As Fig. 2 shows for Boise, we can track the length of time between the first/last occurrence of particularly hot days and see how that length changed over time. Figs 7-11 below show how the length of time of peak heating has changed.

Fig 7. Change in the length of time that the historically (1951-2020) coldest 20 days per year now occur. This is the difference between end point and beginning point of the 72-year regression line.

Fig 8. Change in the length of time that the historically (1951-2020) coldest 15 days per year now occur. This is the difference between end point and beginning point of the 72-year regression line.

Fig 9. Change in the length of time that the historically (1951-2020) coldest 10 days per year now occur. This is the difference between end point and beginning point of the 72-year regression line.

Fig 10. Change in the length of time that the historically (1951-2020) coldest 5 days per year now occur. This is the difference between end point and beginning point of the 72-year regression line.**Maps: Change in the Length of Consecutive Cold Days**This is where we will look at the changing length of coldwaves. As with before, we're using the temperature that historically occurred 20, 15, 10, and 5 days per year. Now we are looking at each year and identifying the maximum number of consecutive days that those temperatures occurred. If the 5-day per year temperature occurred 8 times in a specific year but there was at least 1 day between each occurrence, then the maximum consecutive streak would be 1 in that example. Figs. 11-14 show the change in the length of these streaks. The change is the end trend point minus the beginning trend point divided by the beginning trend point times 100.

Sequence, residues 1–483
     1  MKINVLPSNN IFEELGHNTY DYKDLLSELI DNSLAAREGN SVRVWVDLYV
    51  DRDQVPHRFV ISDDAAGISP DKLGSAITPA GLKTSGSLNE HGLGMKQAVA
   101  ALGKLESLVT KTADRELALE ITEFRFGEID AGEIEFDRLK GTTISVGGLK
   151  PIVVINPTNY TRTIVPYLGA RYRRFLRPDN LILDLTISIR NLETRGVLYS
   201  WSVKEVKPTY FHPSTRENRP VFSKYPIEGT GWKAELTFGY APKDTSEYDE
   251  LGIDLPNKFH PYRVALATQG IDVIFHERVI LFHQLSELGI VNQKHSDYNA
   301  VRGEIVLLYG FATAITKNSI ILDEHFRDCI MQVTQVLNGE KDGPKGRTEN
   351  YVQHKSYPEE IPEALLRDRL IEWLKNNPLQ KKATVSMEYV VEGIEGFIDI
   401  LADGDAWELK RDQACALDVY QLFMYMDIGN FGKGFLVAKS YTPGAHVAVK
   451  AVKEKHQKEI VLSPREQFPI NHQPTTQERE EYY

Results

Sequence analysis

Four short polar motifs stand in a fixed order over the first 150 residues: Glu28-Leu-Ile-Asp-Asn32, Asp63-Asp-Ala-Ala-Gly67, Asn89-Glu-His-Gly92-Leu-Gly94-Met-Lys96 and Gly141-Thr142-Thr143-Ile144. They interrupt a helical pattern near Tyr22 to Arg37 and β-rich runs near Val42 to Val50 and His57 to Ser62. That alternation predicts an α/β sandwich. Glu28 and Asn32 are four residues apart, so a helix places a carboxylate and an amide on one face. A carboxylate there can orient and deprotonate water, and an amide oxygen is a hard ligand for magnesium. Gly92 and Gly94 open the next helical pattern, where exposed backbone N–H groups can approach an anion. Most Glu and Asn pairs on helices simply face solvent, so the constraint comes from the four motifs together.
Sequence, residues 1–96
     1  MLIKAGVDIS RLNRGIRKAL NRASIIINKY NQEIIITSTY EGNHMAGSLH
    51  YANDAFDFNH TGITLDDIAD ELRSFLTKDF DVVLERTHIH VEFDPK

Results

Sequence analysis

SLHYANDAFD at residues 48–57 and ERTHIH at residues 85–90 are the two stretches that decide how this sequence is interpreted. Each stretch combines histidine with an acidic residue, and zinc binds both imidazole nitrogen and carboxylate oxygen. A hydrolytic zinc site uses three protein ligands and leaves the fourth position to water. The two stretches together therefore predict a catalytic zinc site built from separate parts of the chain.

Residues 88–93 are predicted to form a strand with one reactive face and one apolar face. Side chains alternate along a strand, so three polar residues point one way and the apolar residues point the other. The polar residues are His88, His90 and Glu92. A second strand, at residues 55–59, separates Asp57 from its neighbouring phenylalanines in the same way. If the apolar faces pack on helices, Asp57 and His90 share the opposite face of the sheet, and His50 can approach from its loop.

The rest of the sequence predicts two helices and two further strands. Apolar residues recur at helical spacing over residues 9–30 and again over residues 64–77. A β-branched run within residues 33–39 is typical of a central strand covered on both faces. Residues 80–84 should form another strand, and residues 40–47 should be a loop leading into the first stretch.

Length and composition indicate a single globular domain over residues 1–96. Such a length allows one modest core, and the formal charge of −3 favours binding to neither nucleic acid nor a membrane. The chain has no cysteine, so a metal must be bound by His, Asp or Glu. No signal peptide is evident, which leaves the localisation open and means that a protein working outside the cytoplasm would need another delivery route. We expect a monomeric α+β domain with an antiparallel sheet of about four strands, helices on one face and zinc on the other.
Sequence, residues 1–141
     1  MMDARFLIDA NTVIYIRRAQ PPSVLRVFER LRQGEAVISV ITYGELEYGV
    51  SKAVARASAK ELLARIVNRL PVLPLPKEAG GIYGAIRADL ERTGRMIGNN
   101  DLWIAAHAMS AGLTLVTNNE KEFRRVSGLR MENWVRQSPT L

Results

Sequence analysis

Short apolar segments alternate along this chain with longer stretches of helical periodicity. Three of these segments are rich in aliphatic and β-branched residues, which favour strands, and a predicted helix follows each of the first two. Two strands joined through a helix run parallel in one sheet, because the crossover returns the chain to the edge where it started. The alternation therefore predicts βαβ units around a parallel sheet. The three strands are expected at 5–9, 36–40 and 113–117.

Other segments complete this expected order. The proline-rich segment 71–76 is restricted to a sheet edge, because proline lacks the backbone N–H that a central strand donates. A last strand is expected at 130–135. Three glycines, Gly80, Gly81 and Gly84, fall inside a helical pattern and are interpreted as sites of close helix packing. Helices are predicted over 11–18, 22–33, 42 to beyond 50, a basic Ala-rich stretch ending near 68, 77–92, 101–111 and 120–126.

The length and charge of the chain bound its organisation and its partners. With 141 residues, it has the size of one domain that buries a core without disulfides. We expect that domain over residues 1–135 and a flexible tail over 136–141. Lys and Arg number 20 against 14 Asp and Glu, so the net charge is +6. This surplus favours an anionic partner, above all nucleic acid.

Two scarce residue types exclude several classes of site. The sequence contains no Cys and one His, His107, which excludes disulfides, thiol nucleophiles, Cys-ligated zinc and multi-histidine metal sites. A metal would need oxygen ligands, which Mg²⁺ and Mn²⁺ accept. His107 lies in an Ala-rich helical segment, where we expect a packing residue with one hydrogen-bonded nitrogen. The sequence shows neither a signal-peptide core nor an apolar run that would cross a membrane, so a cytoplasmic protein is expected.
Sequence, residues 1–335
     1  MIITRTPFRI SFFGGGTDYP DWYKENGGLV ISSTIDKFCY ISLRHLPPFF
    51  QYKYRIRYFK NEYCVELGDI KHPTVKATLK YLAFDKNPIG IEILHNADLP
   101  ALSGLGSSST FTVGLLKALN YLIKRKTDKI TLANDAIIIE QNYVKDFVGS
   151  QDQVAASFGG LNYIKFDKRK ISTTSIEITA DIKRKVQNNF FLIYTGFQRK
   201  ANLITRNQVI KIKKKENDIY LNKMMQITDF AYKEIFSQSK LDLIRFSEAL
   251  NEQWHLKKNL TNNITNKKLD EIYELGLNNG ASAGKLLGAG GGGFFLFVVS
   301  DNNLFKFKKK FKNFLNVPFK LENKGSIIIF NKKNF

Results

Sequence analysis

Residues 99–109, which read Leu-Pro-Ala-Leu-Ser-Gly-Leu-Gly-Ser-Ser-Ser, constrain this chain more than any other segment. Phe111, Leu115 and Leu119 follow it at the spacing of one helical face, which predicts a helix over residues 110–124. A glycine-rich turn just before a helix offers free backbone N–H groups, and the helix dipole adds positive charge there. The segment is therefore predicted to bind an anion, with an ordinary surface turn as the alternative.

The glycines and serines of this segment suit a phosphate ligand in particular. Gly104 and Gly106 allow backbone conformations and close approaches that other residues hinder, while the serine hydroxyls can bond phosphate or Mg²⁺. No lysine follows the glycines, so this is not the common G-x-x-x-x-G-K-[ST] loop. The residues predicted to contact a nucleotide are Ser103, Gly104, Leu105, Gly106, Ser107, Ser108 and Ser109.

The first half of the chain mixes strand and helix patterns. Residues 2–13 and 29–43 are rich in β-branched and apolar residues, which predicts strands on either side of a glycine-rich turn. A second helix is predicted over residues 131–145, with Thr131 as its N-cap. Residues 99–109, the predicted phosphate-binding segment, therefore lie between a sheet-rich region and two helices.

Fig 11. Change in the number of consecutive days at or below the temperature that historically (1951-2020) occurred 20 days per year. This is the difference between end point and beginning point of the 72-year regression line as a percentage.